Hearts and flowers, chocolate and greeting cards, Valentine's day is here and the commercial trappings of "romance" are everywhere. From OpenTable prompting you to make reservations for Feb 14th to Victoria's Secret flooding your inbox, it's clear that we're supposed to be in love with love in February. And, hey, I love a great romantic gesture as much as the next girl, but what I really value in my intimate relationship is just that - intimacy.
Our culture abounds with stories, books, films, memes about romance, but what is that really? First, we have the rom coms: boy meets girl, they like each other, a series of comic misunderstandings ensues and they either a) work out the misunderstandings and decide to begin a relationship, or b) one of them turns out to be an asshole, in which case the other turns to the friend who has "been there all along" and they decide to begin a relationship. I'm a child of the 80s and I grew up waiting for the perfect on-screen romance to happen to me. Which obviously led to ridiculous choices in my early romantic life....not to mention some hideous fashion mistakes.
On the flip side, we have the romantic tragedy. These manipulative feasts for the senses are designed to generate Kleenex sales. These are the stories of love thwarted: by death, by circumstance, by misunderstandings that do not get miraculously solved by the final curtain. Again, as a true romantic, I've secretly always wanted to meet my beloved at the top of the Empire State Building (preferably without the tragic accident on the way). The romantic tragedy is dependent on the end of a relationship in the same way that the rom com is dependent on the beginning of one. But, what about the middle? What about the meat, majority, foundation of what a truly intimate relationship consists of?
The fact is that the stories about the beginnings and ends of intimate relationships are easy to capture. They can be packed full of accessible emotions and themes that are easily expressed and conveyed: attraction, lust, jealousy, betrayal, longing, loss, uncertainty. This feast at the emotional entertainment buffet, however, only represents the most external edges of a truly intimate relationship. While this can be satisfying as entertainment, placing these expectations on actual relationships in the real world is like expecting to be able to thrive on a diet that contains flavor, but no substance. Intimacy is that substance, and without it a relationship is just a pretty (or not-so-pretty) shell.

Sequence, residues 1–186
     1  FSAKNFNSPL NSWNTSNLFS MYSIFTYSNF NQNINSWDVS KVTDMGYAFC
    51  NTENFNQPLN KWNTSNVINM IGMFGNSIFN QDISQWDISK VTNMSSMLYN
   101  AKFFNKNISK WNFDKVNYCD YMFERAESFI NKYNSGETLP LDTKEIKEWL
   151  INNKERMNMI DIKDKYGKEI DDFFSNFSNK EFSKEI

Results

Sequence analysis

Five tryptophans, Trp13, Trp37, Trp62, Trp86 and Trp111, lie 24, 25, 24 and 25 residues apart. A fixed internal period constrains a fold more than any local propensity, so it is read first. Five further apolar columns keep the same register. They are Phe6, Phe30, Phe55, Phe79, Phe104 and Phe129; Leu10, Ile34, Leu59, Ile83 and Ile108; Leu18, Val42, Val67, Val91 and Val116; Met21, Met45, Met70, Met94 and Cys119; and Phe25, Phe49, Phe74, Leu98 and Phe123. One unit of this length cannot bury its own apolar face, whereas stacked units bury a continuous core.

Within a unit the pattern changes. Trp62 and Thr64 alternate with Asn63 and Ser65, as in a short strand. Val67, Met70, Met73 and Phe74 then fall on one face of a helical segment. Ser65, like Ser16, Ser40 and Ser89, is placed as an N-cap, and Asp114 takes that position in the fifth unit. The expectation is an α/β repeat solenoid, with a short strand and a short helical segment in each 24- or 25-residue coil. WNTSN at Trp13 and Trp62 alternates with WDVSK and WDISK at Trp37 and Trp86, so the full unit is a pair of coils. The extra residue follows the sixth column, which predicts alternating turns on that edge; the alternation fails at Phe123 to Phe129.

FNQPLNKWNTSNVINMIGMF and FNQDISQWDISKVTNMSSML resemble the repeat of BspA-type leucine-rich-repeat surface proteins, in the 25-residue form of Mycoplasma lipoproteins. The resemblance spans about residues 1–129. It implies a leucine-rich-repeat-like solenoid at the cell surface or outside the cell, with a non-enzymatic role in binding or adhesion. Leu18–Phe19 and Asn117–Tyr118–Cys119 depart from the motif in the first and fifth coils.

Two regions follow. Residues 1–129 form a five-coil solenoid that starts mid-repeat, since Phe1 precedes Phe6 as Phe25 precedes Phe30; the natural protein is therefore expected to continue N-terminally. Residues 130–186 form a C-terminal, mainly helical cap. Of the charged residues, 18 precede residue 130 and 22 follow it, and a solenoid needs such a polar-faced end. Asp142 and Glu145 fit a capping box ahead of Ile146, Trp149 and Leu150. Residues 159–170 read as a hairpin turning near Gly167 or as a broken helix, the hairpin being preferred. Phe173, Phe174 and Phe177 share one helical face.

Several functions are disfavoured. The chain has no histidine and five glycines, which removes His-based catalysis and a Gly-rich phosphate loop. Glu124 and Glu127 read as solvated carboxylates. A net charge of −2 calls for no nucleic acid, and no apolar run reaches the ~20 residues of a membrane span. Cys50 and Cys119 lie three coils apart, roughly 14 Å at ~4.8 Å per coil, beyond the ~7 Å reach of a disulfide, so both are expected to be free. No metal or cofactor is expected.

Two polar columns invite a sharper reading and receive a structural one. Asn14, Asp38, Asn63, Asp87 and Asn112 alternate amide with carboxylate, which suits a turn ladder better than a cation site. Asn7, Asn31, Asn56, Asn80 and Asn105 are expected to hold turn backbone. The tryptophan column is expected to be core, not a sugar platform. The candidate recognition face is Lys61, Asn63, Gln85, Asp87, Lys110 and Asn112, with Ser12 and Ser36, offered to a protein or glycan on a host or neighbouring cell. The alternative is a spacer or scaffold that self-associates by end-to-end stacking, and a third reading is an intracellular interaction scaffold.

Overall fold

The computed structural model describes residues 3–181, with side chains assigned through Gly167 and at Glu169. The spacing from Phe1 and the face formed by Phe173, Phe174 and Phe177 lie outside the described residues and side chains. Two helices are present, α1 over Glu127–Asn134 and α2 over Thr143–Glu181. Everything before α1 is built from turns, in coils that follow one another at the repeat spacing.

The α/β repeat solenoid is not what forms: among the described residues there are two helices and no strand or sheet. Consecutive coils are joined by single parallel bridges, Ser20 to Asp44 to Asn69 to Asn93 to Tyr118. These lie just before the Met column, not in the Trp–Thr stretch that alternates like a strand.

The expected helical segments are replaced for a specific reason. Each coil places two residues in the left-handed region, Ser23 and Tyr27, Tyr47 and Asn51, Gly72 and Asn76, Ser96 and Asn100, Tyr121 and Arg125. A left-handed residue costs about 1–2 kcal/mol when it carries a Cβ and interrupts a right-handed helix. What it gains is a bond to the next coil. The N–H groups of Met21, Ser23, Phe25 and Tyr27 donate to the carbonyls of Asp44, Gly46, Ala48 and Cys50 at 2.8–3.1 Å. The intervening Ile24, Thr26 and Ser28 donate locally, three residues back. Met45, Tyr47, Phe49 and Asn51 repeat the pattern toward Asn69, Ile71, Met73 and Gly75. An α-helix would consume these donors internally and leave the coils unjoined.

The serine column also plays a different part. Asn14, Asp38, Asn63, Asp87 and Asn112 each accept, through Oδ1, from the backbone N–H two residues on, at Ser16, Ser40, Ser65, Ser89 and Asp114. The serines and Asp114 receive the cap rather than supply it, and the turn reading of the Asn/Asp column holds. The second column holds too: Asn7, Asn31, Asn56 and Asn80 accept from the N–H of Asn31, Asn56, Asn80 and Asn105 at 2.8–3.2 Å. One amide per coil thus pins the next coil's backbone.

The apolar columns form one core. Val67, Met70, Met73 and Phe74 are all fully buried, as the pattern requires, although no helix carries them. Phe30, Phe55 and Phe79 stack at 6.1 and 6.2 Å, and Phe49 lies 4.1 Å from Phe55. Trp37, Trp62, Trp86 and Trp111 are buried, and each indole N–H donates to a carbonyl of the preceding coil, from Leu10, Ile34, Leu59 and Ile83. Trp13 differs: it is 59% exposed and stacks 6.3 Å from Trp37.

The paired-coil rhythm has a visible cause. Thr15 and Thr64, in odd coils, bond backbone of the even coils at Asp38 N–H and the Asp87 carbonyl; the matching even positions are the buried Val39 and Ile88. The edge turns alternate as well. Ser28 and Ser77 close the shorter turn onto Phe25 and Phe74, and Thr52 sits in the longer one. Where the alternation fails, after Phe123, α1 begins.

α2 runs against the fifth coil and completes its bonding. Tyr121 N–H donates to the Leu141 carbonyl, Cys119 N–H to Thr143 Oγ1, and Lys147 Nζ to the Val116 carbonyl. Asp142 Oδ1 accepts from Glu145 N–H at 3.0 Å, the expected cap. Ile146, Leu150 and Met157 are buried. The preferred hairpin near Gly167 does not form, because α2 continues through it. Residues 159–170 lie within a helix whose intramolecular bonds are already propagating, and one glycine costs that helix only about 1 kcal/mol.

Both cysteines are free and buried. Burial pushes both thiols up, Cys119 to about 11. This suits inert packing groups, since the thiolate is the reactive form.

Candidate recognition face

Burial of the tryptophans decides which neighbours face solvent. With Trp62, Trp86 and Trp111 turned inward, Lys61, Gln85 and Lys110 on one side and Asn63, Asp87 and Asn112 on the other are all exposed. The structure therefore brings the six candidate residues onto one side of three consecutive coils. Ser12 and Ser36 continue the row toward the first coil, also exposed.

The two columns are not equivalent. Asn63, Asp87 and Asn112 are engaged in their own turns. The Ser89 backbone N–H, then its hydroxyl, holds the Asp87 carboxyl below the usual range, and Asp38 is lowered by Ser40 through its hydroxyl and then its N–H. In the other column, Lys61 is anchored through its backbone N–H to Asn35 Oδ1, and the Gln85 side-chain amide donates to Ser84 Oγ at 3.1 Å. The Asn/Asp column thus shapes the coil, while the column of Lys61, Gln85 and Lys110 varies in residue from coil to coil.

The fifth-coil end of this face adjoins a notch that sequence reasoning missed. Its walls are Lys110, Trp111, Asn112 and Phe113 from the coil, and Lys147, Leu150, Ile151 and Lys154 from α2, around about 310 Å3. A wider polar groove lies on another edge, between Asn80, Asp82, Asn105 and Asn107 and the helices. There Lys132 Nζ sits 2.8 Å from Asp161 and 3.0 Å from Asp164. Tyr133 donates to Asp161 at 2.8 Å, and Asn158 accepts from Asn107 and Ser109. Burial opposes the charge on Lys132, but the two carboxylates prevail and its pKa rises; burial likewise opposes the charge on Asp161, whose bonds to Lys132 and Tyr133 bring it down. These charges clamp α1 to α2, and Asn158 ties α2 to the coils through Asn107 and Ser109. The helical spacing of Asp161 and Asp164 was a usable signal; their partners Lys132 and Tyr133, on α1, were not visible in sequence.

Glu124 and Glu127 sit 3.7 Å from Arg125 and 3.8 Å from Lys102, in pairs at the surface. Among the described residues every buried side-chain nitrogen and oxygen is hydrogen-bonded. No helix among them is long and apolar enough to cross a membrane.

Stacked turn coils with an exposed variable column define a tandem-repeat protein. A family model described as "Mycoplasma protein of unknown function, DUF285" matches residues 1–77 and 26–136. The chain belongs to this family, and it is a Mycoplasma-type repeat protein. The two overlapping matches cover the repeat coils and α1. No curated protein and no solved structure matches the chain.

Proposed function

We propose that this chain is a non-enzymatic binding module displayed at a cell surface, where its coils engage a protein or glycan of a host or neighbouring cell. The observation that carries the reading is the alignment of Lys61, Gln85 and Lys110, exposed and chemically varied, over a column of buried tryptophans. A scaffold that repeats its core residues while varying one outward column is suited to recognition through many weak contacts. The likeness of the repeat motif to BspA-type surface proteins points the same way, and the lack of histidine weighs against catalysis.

So what does a truly intimate relationship look like and why is it so rarely captured for our entertainment? The simplest answer is also the most obvious: a relationship that is actually intimate exists between two people and is understood by those two people alone. It's not staged for public consumption.
So where's the fun in that? There's no drama! - you might ask (I know I did - for years). Then I learned to get real, really real, with both myself and my partner. It was hard and scary, but it turned a good relationship into an amazing one.
Here's what I learned: true intimacy gives us the ability to be truly who we are in the presence of another person. It allows us to love and be loved in a way that isn't about possession or dependency, but rather about authenticity and freedom. Real intimacy only comes when we are brave enough to see ourselves, and let someone else really see us too. It takes courage to get there, and genuine trust to stay there but it's a powerful experience. Intimacy is a decision that we have to make over and over again, but it is also immensely rewarding. Even if the relationship doesn't last forever, and let's face it, not every relationship does, the journey itself makes it worth it.
So, as we move through this season of romance, buy some flowers, eat some chocolate, maybe put on some racy lingerie, but strive for some intimacy too. Share more of yourself, and really see your partner (or the partner you may be looking for). It makes the feast of life much more satisfying.
Happy Valentine's Day!